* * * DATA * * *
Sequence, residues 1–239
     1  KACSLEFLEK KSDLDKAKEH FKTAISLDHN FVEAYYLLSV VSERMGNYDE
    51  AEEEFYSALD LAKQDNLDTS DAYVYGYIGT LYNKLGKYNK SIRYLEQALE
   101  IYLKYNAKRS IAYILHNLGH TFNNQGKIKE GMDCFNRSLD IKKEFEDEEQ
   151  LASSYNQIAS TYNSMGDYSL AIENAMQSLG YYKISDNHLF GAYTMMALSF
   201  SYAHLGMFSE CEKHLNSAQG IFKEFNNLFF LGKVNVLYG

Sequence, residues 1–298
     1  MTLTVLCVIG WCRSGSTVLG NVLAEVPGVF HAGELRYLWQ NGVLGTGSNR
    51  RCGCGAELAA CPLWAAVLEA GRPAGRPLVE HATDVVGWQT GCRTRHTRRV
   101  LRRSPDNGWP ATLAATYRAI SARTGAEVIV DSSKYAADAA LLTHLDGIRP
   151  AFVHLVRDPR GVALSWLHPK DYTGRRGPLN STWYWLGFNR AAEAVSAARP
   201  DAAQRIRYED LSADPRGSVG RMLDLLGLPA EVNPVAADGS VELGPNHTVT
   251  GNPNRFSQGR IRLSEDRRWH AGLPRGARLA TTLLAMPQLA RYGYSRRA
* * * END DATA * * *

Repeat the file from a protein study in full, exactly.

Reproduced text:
Sequence, residues 1–239
     1  KACSLEFLEK KSDLDKAKEH FKTAISLDHN FVEAYYLLSV VSERMGNYDE
    51  AEEEFYSALD LAKQDNLDTS DAYVYGYIGT LYNKLGKYNK SIRYLEQALE
   101  IYLKYNAKRS IAYILHNLGH TFNNQGKIKE GMDCFNRSLD IKKEFEDEEQ
   151  LASSYNQIAS TYNSMGDYSL AIENAMQSLG YYKISDNHLF GAYTMMALSF
   201  SYAHLGMFSE CEKHLNSAQG IFKEFNNLFF LGKVNVLYG

Sequence, residues 1–298
     1  MTLTVLCVIG WCRSGSTVLG NVLAEVPGVF HAGELRYLWQ NGVLGTGSNR
    51  RCGCGAELAA CPLWAAVLEA GRPAGRPLVE HATDVVGWQT GCRTRHTRRV
   101  LRRSPDNGWP ATLAATYRAI SARTGAEVIV DSSKYAADAA LLTHLDGIRP
   151  AFVHLVRDPR GVALSWLHPK DYTGRRGPLN STWYWLGFNR AAEAVSAARP
   201  DAAQRIRYED LSADPRGSVG RMLDLLGLPA EVNPVAADGS VELGPNHTVT
   251  GNPNRFSQGR IRLSEDRRWH AGLPRGARLA TTLLAMPQLA RYGYSRRA